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LF states: A question for Bad Advice Friday? I can’t think. (This is from memory. I overwrote the file where I answered this.)

Dear LF: Thinking is overrated. Millions of people in a few select professions never think, politicians and human billiard balls (A surprisingly popular sport) come to mind. But if you’re really having trouble thinking and would like to start again, I have two suggestions. First, join the French Foreign Legion. You’ll have plenty of undisturbed time to conjure up a thought as you’re marching under the hot Saharan Sun. However, as people join the Legion to forget, you’ll immediately forget what idea you created. But you will have started thinking again and that’s the main thing. Second, commit a crime, a crime so horrible that you will be spending years in solitary confinement. The serene, tranquil, undisturbed aura of your own is enormously conducive to thought. Try it and see!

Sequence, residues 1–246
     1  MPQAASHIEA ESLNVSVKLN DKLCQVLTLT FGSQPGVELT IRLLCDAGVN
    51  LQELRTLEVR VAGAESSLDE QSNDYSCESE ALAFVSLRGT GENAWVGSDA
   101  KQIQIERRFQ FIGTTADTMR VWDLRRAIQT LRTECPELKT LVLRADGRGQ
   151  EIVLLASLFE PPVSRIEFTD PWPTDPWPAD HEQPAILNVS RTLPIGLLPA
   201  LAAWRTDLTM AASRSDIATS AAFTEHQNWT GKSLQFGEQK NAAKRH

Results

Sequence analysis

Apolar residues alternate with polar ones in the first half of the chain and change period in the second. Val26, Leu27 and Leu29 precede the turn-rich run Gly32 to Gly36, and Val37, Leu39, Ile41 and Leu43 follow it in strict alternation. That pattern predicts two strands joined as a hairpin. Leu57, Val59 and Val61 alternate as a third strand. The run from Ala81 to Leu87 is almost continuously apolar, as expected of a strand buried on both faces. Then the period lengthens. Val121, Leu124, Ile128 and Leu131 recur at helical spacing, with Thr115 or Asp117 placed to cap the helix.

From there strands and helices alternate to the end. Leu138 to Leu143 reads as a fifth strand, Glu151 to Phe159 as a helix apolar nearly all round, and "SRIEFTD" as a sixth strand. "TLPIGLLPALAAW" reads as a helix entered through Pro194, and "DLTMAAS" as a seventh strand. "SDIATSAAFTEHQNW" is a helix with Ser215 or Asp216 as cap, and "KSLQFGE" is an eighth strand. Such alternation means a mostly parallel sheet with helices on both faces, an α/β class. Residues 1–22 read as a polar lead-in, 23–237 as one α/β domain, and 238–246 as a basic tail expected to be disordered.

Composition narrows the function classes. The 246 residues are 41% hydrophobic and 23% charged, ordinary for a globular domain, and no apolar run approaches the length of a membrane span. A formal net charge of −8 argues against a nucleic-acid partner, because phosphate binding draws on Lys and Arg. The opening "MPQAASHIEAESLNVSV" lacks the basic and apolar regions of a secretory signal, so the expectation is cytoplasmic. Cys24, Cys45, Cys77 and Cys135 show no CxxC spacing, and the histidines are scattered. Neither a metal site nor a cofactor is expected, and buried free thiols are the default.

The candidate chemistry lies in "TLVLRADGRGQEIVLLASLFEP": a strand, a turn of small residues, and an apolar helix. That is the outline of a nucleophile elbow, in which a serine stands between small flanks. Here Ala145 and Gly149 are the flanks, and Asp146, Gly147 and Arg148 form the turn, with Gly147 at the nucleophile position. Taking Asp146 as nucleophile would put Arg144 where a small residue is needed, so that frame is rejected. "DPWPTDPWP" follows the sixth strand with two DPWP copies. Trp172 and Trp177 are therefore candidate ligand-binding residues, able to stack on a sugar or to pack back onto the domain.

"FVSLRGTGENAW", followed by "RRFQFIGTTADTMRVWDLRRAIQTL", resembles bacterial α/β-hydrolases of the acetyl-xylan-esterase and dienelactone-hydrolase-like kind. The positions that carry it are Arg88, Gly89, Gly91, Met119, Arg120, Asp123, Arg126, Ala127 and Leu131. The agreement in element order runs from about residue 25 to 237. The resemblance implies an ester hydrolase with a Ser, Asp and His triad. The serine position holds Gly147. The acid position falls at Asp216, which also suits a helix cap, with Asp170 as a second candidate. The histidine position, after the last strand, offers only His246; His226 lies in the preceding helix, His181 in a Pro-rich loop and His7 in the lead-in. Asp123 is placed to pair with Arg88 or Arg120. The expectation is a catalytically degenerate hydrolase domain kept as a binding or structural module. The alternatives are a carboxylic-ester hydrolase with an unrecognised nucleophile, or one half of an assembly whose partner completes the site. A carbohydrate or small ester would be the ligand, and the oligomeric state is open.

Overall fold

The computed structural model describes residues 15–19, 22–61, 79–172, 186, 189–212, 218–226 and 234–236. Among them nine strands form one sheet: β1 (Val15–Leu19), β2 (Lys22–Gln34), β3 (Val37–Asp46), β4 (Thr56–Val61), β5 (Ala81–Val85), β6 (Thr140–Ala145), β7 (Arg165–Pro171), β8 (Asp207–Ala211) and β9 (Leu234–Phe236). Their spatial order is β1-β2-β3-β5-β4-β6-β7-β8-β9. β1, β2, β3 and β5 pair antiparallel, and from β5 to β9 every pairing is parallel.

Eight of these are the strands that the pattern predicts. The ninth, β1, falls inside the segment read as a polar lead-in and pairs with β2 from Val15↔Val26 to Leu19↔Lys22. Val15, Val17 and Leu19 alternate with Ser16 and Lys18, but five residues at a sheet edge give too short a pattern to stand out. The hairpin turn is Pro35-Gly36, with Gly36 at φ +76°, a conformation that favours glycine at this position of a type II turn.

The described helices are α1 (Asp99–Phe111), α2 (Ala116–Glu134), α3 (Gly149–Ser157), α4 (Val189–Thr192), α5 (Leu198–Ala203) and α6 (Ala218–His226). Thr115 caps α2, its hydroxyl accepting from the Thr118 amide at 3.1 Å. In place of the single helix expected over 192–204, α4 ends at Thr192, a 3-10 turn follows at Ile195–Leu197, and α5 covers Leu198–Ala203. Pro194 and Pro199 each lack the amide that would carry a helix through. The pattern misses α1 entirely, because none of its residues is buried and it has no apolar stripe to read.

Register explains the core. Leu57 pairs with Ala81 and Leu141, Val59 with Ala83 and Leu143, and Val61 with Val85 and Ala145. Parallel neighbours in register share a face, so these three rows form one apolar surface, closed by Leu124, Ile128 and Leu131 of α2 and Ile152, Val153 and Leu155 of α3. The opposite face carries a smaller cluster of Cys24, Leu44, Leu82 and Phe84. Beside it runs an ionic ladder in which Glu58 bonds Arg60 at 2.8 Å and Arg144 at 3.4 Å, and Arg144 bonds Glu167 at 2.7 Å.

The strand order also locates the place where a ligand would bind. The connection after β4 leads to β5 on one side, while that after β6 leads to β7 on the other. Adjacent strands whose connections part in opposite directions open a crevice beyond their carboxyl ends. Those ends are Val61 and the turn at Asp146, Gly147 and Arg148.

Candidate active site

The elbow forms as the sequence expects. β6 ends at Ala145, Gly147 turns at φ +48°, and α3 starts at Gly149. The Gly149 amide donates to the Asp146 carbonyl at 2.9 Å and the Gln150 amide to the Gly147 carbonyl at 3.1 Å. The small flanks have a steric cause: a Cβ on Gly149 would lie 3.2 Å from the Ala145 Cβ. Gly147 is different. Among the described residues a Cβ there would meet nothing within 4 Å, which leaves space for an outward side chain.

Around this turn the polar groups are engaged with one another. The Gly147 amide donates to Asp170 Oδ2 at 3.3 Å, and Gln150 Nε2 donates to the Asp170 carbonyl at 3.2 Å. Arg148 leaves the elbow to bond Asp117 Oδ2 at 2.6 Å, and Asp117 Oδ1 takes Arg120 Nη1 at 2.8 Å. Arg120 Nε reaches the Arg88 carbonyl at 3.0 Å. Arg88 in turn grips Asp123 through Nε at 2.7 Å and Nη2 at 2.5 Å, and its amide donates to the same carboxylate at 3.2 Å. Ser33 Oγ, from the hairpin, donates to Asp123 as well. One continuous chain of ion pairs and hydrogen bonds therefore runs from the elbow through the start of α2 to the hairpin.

– Paul De Lancey, The Comic Chef

My cookbook, Following Good Food Around the World, with its 180 wonderful recipes, my newest novel, Do Lutheran Hunks Eat Mushrooms, a hilarious apocalyptic thriller, and all my other books, are available on amazon.com.

Categories: bad advice Friday | Tags: , , , , , , , , , , , , , , , , , , , , , , , , , , | Leave a comment

Why the French Are Way Cool

“1643-53. The Fronde, revolt against the regency named after the catapult children used to hurl clods at passing coaches.”temp
– The Encyclopedia of World History, Sixth edition, p. 326

Wow! Wow! Children in France had catapults. The parents in seventeenth-century France let their children have catapults, maybe even gave them to their kids for Christmas! Wow!